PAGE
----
The G20 Summit in Bali failed last year due to resolute insistence of the United States and its allies to reprimand Russia for its invasion of Ukraine.
- By pushing a political issue onto an economic and financial forum (G20), the G7 are on the verge of destabilising the New Delhi G20 Summit.
- The G20 forum was not previously used to discuss global security and geo-political issues when the US and its NATO allies waged war across Asia and Africa over the past quarter century.
- European political leadership may be under pressure to use every global platform to denounce Russia, but such anti-war sentiment in the Global South did not stop the West from securing its geopolitical interests.
The Evolution of G20
- Formation: The G20 was formed in 1999 as a gathering of finance ministers of globally consequential economies following the Asian financial crisis of 1997-98.
- Expansion: After the trans-Atlantic financial crisis hit the US and Europe, it was decided to expand the grouping and include more countries to stabilize the global financial system and sustain global economic growth.
- Opportunity: This expansion turned out to be critical moment for developing countries such as India, Indonesia, Brazil, South Africa and countries as they would all be involved in vital national and international interest relating to economic development and international finance.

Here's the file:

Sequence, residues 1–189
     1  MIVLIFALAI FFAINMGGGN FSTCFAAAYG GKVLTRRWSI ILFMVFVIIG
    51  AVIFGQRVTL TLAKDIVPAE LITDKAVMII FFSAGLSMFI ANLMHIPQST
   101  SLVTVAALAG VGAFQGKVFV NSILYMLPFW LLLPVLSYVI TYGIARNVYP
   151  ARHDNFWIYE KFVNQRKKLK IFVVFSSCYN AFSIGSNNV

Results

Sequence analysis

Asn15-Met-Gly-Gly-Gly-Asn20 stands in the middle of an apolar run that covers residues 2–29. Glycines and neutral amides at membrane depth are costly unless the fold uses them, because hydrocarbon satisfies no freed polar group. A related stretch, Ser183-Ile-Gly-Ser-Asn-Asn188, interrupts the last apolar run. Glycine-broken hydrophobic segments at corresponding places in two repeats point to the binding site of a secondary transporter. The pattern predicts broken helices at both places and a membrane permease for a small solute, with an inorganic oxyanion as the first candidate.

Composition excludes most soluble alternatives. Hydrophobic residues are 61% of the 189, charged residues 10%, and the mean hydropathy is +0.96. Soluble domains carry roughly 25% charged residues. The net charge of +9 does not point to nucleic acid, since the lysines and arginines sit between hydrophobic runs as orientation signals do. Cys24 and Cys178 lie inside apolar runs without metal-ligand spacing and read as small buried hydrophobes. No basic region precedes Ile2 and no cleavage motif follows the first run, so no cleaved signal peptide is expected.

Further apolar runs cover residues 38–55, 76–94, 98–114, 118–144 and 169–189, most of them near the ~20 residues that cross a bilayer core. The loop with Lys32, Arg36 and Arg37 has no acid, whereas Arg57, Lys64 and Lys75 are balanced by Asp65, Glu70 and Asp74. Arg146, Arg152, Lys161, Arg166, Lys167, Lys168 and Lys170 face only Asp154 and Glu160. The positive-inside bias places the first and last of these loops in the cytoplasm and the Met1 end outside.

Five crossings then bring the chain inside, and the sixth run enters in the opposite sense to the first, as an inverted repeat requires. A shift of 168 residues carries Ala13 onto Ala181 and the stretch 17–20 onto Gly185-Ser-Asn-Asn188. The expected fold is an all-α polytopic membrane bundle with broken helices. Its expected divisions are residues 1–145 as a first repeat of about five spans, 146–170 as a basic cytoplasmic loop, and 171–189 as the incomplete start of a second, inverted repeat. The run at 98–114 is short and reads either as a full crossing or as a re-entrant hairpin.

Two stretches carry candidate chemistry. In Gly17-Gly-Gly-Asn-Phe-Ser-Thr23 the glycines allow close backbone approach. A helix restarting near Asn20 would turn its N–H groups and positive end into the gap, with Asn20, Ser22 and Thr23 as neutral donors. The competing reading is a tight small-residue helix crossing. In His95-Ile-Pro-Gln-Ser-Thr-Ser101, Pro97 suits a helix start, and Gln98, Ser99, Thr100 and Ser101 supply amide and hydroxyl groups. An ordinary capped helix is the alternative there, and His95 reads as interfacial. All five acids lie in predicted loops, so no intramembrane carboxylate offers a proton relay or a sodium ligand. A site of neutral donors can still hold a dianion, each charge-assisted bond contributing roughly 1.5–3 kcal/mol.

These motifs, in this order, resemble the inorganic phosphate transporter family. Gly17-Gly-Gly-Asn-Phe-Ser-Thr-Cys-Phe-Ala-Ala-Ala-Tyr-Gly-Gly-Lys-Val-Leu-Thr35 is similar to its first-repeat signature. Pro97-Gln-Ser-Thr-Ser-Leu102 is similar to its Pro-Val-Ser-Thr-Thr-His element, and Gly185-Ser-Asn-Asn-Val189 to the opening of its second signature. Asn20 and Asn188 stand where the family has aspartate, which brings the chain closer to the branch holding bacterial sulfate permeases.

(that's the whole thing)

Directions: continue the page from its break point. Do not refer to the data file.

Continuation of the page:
- Success: The first three G20 summit attained significant success due to a series of policy and institutional initiatives that stabilized the global economy, the global banking and financial system and the euro.
Recent Trends in G20
- Interest groups: Currently, the G20 are divided into three groups — the G7, the Global South (such as Indonesia, India, Brazil and South Africa), and China – Russia.
- Global South Agenda: India has tried to walk the tightrope between East and the West, declaring its intention to be the “voice of the Global South”.
- The Indian Prime Minister has already set an ambitious agenda to advance the developmental interests of the global South.
- Ignorance of G7: The G7 have shown little interest in advancing developmental agenda of Global South, other than providing lip service. The activism by G7 shows a circling of wagons syndrome within the developed economies.
- Deterioration of ties: US-China and US-Russia relations have deteriorated in recent times, but the new arrivals from the Global South have begun to assert themselves, aiming to shape the G20 agenda.
- Supporting G7 agenda: The G7 also seems wary of the Global South agenda and is unlikely that the Global South would secure any significant gains from the New Delhi summit, unless India toes G7 line on Russia.
- G7 may still be willing to address issues of interest to developing countries, like external debt, climate finance and access to technology and markets, if they are willing to denounce Russia and China.
- India can either choose to accept a summit without results, or fall in line with the G7 agenda. Either way, the G20 faces risk of declining relevance to global economic governance.